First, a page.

Large metallic losses and short propagation lengths associated with surface plasmons (SPs) have long been considered as the obstacles which severely limit the practical applications of surface plasmonic waveguides. In this paper, we introduce the concept of dielectric spoof SPs (SSPs) and show that subwavelength high-contrast gratings (HCGs) offer a route to effectively suppress the losses and hence dramatically increase the propagation length of surface electromagnetic waves. We experimentally realized a wideband ultra-low-loss high-confinement plasmonic waveguide constructed by a high refractive-index dielectric array with deep-subwavelength periodicity on a metal substrate. Simulation and measurement results on the near-field distributions and S-parameters at microwave frequencies provide explicit evidences of strong field localization and show excellent transmission efficiency of HCGs-based SSPs across a broad frequency band. More importantly, the propagation length of the HCGs-based SSPs is proved to be at least more than one order of magnitude larger than that of metallic gratings-based SSPs at the same or even higher level of field confinement. Thus, the SSPs as experimentally realized in this paper hold great promise for numerous practical applications in ultra-low-loss and long-range transmission SP devices and circuits and may open up new vistas in SP optics.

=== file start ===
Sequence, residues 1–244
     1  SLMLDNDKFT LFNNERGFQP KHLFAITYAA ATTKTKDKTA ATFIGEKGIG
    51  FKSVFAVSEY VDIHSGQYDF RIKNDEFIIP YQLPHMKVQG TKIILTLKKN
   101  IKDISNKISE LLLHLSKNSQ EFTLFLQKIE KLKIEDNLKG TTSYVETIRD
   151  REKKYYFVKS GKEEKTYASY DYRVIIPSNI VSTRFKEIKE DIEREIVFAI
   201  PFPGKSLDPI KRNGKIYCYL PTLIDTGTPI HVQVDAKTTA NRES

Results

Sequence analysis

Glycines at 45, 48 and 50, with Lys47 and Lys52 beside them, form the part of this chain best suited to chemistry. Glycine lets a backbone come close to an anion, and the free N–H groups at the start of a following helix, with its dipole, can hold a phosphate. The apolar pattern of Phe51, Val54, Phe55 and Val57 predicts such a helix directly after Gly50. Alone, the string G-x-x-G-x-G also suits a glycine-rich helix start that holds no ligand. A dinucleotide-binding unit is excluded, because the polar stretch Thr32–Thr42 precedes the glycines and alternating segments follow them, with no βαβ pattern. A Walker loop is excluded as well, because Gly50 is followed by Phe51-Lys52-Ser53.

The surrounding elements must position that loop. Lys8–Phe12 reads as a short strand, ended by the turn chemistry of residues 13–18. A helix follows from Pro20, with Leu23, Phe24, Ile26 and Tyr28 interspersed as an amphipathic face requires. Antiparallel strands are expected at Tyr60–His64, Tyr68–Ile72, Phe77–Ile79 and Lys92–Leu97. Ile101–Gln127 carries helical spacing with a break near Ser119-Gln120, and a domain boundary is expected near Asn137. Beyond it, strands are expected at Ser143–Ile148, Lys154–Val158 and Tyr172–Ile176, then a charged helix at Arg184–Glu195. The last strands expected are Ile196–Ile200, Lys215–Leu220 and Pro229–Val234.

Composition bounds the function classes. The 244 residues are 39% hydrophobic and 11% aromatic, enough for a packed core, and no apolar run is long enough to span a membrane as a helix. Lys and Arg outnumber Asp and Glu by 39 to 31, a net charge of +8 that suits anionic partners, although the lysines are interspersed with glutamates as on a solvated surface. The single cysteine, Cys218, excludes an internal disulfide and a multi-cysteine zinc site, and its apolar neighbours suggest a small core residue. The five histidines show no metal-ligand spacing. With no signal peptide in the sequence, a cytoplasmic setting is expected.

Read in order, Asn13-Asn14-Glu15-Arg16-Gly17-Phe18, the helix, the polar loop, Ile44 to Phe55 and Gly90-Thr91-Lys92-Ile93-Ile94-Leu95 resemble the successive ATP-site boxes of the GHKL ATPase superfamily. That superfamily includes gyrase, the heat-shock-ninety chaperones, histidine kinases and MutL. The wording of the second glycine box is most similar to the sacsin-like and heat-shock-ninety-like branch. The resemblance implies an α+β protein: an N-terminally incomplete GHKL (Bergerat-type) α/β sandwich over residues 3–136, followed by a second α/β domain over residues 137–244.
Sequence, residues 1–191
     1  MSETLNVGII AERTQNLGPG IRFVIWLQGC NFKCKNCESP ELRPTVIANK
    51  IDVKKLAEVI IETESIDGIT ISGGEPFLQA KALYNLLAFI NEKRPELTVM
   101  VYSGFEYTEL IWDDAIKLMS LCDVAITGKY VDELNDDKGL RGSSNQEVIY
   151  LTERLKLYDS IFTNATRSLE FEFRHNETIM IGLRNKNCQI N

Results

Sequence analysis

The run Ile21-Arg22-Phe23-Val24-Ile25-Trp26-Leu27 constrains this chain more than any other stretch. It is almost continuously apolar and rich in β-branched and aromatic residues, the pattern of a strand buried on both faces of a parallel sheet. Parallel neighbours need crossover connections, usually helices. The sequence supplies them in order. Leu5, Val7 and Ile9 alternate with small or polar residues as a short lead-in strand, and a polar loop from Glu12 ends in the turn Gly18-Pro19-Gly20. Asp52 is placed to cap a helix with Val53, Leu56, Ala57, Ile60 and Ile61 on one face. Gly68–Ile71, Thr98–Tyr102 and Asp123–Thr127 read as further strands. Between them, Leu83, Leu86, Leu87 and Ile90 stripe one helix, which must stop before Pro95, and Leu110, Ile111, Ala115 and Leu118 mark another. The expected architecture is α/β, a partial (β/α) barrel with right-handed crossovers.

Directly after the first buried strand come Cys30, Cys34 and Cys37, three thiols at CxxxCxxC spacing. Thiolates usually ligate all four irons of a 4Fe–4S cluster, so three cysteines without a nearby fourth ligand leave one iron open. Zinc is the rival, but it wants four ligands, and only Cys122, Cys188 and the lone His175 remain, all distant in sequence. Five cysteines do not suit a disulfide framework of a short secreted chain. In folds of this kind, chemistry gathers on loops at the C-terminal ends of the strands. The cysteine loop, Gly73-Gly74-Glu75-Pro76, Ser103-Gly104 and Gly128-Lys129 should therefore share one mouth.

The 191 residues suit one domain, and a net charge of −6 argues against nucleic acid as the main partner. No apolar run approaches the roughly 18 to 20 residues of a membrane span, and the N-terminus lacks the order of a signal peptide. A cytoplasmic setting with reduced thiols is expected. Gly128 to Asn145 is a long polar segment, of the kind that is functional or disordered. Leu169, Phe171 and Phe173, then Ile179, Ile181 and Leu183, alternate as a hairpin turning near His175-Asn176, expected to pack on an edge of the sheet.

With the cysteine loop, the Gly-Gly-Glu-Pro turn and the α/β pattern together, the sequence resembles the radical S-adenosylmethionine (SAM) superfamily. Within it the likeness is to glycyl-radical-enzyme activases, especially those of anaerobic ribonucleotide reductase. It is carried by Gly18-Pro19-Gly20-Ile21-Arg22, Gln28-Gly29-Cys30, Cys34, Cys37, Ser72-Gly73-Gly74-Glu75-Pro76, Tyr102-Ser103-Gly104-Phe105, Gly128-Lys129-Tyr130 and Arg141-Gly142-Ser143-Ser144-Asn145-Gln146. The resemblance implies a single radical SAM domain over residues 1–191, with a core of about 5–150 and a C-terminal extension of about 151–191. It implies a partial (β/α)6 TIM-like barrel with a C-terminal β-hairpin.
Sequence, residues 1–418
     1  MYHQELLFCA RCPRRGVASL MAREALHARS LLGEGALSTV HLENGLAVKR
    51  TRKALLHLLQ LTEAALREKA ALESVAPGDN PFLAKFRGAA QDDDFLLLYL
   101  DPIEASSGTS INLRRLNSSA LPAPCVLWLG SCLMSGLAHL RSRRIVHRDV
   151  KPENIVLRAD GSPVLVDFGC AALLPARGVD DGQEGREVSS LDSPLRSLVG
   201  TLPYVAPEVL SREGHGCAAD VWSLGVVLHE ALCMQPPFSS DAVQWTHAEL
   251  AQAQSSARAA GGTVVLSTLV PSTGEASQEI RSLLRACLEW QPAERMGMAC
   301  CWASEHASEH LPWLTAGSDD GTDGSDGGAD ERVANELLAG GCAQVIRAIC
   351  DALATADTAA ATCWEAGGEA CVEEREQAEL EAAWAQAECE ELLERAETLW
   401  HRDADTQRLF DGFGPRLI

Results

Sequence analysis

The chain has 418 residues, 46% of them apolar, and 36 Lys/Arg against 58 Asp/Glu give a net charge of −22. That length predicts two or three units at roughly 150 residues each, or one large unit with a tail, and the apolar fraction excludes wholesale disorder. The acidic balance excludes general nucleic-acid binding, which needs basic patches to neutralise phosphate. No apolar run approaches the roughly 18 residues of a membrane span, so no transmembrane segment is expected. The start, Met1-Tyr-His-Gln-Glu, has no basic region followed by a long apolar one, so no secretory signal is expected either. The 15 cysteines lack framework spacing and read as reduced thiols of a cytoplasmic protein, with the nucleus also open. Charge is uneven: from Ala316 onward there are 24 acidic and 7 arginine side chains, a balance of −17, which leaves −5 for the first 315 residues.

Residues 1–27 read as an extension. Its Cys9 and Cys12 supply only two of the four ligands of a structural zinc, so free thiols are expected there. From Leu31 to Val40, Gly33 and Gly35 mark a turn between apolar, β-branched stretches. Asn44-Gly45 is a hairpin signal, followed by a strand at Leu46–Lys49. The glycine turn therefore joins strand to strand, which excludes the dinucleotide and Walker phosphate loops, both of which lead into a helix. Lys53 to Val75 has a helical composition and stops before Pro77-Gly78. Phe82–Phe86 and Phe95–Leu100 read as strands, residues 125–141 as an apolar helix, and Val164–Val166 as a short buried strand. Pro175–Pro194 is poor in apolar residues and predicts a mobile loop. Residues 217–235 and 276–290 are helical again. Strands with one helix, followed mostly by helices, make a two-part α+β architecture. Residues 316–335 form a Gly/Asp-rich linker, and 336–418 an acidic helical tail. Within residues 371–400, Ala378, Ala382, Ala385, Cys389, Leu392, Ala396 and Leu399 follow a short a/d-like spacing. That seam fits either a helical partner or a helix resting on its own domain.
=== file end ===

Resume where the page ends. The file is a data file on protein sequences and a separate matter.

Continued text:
|Original language||English (US)|
|Journal||IEEE Transactions on Microwave Theory and Techniques|
|State||Accepted/In press - Feb 20 2017|
ASJC Scopus subject areas
- Condensed Matter Physics
- Electrical and Electronic Engineering